Social Networking Vectors: Malware is often spread by the desire of people to get things for "free". Peer to peer networks like Kazaa, Bearshare, Grockster, LimeWire, and Morpheus are hotbeds of malware distribution. Malware is often hidden inside music files, and when the file is accessed, the malware is installed (trojan viruses). Sometimes the file downloaded itself is a malware program with an innocent sounding name. The malware creators rely on the fact that the service providers do not monitor what is shared on their networks, and most people do not know that music files, screen savers, and many other desirable download files can carry or be malware. Social networking web sites such as Facebook are also prime targets for malware creators, since they are highly popular. They create bogus accounts, hack into legitimate accounts to poison them, or post links to malware in the response areas.
Email, Chat, and Instant Messaging Spam: These methods have been used for a very long time, and are still used heavily. Spammers use various techniques to hide their identities, such as spoofing email addresses to make the messages seem to come from an innocent person, using botnets to send spam from zombie computers, and raiding computer address books for email addresses. They may use customized bots (programs that search the Internet for information) to randomly generate email addresses to send spam to, and if the spam goes through without bouncing, the address is added to lists which may be sold to other spammers. They may harvest email addresses from chatrooms, websites, customer lists, and Usenet newsgroups. They also use a practice known as e-mail appending (epending) in which they use known information about their target, such as a postal address, to search for the target's email address. A great deal of spam is sent to invalid e-mail addresses while searching for valid targets, which places a huge burden on the email servers. Spam has been estimated to be up to 78% of all e-mail sent daily, and it's been estimated that spam cost businesses on the order of $100 billion in 2007. Worst of all, the government of the US, when asked to do something about spam email, declared it to be legal in the CAN-SPAM Act of 2003, provided the message adheres to certain specifications. Needless to say, US spammers frequently violate the conditions of the Act, but still hide behind the law, and spammers in foreign countries ignore it entirely.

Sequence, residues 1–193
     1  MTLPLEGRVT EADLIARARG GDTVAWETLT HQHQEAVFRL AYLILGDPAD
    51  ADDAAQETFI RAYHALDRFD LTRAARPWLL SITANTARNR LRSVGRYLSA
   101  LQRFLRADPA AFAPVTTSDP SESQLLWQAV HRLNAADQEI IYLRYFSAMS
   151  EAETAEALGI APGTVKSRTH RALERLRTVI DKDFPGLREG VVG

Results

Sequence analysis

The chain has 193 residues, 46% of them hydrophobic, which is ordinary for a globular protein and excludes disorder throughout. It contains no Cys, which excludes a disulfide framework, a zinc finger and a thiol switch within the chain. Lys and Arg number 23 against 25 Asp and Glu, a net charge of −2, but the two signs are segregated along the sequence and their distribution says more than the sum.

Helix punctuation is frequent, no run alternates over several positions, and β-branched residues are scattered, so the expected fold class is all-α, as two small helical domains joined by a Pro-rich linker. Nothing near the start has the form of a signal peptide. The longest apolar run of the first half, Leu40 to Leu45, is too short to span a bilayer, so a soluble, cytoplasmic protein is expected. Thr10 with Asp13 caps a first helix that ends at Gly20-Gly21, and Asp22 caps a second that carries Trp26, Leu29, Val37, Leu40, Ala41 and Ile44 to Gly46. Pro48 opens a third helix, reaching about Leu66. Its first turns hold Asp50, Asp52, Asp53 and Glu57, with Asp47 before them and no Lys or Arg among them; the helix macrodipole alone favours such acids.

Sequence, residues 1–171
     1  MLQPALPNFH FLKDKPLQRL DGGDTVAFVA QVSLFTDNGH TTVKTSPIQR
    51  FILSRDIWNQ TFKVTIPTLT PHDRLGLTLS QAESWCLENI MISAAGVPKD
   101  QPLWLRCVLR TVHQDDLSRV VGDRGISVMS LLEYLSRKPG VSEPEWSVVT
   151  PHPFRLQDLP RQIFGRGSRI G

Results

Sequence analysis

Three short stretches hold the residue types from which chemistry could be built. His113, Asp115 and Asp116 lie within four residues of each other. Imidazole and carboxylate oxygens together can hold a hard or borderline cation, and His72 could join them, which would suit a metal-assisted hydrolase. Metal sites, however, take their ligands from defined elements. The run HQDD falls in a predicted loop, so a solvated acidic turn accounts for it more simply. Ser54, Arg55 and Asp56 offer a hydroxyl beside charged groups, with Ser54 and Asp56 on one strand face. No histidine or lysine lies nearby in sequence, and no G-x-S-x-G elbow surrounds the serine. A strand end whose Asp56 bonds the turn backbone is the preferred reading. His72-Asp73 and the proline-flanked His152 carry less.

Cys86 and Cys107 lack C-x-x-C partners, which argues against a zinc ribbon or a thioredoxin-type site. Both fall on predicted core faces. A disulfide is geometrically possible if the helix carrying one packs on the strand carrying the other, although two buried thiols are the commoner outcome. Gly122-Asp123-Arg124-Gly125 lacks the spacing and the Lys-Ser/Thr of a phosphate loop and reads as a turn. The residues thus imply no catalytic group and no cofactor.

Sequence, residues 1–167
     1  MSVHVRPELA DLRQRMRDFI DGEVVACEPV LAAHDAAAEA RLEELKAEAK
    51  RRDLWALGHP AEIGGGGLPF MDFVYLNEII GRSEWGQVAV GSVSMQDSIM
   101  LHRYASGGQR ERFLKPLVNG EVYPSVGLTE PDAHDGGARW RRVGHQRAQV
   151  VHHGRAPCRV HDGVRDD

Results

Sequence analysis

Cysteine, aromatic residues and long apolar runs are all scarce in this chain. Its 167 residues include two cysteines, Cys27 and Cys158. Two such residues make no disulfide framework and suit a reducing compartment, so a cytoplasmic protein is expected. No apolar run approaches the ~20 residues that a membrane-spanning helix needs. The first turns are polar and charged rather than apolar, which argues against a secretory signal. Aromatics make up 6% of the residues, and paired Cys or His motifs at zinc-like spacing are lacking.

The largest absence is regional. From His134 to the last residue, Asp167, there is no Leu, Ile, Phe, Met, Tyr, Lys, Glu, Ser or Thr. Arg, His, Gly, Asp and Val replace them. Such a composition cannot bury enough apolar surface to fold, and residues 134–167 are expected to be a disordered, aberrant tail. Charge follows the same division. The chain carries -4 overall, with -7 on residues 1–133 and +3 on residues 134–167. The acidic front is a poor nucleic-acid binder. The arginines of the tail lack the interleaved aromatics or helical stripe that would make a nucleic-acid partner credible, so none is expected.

Spamvertised sites: Many spam e-mails contain URLs to a website or websites. According to a report in the first quarter of 2010, there were around 183 billion spam messages sent every day. The most popular spam topic is "pharmacy ads" which make up 81% of email spam messages. The most common products advertised according to information, in order of frequency, are: Fake Pharmacies, Replica Watches, Male Sexual Enhancement, Phishing, Fake University Degrees, Online Casinos, Weight Loss, and then Other Topics. Sometimes spamvertising is for legitimate companies, but normally it is not. Pharmacies in particular are almost guaranteed to be fake, as it is illegal to sell precription medicines by mail order in the USA.
Advance fee fraud spam such as the Nigerian "419" scam may be sent by a single individual from a cyber cafe in a developing country, or by a group. In this scam, an email purporting to be a legal form of money laundering is sent to the prospective victim. If answered, the fraudster sends the victim a check for an enormous sum of money, which they are instructed to deposit, and then immediately withdraw the amount requested by the fraudster. This money is sent to the fraudster, while the victim is left to deal with the consequences when the original check bounces.
Email Phishing: Spam is also a medium for fraudsters to scam users to enter personal information on fake web sites using e-mail forged to look like it is from a bank or other organization such as PayPal. Spear-phishing is targeted phishing, using known information about the recipient, such as making it look like it comes from their employer.
Organized Crime: There are organized crime gangs operating from Russia or Eastern Europe who share many features in common with other forms of organized crime, including turf battles and revenge killings. Some gangs try to control successful forms of spamming. Other gangs with talented members specialize in writing malware programs which they test against the top antivirus programs. These programs are not used by the gangs directly. Instead, the programs are sold to others who do want to profit from them, but do not have the talent to write their own. This trade has become a big business for the gangs.